Paris considers shutting down indebted car-sharing serviceby Ronan Glon
Officials once hailed Autolib' as the idea mobility solution for big cities.
Once hailed as an example the world should follow, the Autolib' car-sharing service operated by the city of Paris is on the verge of collapse. It has racked up millions of euros in debt and city officials indicated they're considering shutting it down well before the contract expires.
The contract that ties Bolloré, the French company that makes the battery-electric Bluecar used in the service, and the Paris city hall expires in 2023. Daily newspaper Le Monde recently reported funding the program for the next five years will amass a debt that could reach 293.6 million euros ($343 million).
Paris mayor Anne Hidalgo wants Bolloré to foot most of the bill. Bolloré -- whose cars are also found on the streets of Indianapolis -- is willing to pay up to 60 million euros. The group asked city officials for an annual subsidy of about 40 million euros, which Hidalgo refuses to pay.
"This service should have been profitable. It evidently hasn't been. It faces competition from the taxi industry plus scooter and bike sharing programs. We're seriously rethinking it," she told Le Figaro.
For its part, Bolloré claims it began warning Paris officials about the looming crisis three years ago but no one listened.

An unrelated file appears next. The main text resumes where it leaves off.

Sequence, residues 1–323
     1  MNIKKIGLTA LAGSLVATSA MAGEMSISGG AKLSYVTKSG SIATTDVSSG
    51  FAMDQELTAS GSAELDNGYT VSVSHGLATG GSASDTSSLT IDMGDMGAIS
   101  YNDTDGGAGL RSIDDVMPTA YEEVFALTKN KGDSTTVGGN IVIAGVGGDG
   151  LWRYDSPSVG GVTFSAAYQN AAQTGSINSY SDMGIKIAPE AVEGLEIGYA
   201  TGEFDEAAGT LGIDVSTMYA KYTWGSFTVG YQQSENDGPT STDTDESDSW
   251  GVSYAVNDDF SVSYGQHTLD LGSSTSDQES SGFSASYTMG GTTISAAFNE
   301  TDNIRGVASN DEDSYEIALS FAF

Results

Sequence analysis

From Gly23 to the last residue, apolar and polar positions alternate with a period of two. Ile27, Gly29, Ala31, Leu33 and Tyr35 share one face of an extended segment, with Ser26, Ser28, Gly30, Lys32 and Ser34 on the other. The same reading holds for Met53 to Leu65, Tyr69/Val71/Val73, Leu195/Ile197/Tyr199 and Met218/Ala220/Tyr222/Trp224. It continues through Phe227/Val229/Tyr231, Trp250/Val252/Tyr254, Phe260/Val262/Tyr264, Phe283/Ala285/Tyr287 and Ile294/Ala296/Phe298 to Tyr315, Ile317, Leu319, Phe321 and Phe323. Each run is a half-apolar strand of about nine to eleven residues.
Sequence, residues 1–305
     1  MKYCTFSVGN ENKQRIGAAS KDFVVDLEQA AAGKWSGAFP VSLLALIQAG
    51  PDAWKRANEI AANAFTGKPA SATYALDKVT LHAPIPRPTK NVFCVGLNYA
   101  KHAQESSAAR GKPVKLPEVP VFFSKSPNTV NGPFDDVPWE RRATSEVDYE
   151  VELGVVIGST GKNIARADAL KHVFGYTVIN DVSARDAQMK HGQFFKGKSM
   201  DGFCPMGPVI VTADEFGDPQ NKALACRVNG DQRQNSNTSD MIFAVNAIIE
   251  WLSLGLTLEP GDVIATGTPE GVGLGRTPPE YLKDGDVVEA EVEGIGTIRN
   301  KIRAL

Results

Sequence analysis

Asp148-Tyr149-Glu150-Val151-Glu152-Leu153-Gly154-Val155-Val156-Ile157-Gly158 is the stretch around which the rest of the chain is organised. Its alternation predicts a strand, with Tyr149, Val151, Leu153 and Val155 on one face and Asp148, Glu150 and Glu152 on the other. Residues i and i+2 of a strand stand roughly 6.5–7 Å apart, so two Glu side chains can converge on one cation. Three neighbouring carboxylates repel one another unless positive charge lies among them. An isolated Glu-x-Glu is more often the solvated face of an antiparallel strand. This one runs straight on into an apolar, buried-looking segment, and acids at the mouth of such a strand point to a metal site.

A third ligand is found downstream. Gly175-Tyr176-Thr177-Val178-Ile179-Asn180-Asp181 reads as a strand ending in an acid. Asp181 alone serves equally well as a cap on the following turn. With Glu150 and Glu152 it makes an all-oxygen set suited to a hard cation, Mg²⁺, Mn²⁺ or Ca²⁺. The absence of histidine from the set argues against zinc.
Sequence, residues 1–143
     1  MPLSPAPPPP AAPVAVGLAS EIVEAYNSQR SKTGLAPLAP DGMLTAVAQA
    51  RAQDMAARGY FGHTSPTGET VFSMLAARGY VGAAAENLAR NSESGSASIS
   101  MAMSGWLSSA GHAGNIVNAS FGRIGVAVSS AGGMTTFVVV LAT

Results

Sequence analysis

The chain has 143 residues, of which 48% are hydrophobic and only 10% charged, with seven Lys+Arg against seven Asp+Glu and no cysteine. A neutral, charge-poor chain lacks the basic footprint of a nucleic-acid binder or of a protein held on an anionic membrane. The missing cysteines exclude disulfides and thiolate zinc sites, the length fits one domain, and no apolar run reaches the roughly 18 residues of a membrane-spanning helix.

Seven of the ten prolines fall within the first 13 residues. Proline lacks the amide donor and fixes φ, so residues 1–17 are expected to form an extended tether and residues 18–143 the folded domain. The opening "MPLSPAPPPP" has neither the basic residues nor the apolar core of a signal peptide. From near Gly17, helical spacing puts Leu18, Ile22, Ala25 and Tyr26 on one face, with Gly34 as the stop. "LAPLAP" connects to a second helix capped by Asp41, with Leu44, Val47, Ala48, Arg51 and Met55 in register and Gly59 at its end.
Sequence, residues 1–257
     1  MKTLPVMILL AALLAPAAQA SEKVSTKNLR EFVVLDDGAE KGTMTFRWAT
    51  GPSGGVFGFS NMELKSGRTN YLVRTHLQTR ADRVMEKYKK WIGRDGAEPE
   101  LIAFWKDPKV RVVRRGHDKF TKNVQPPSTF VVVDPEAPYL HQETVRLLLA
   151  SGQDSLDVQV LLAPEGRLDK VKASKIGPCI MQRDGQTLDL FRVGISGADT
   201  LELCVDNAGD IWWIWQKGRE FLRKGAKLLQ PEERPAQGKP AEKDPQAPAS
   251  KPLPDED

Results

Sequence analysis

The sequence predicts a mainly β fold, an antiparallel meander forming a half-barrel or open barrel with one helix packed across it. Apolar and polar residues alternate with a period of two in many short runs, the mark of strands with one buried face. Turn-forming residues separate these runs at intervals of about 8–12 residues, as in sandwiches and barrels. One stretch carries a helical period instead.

The writing has been on the wall for years. The situation got worse last fall, as Leftlane reported, when the city began closing some Autolib' locations after users complained about homeless people breaking into the cars to sleep in them. Vandalism became an increasingly common problem and many cars ended up trashed and abandoned, especially on the outskirts of Paris. The number of users canceling their subscription to the service grew rapidly.
Autolib' might not be around for much longer, but Paris officials are already looking at how to replace it. Hidalgo told Reuters she's currently talking to several car-makers about setting up a car-sharing service in the French capital, though she declined to reveal who she's considering working with. Peugeot and Renault are widely seen as the most likely candidates.
Regardless, she stressed the city's next car-sharing service will be funded entirely by private companies, not by taxpayers.
Photo by Ronan Glon.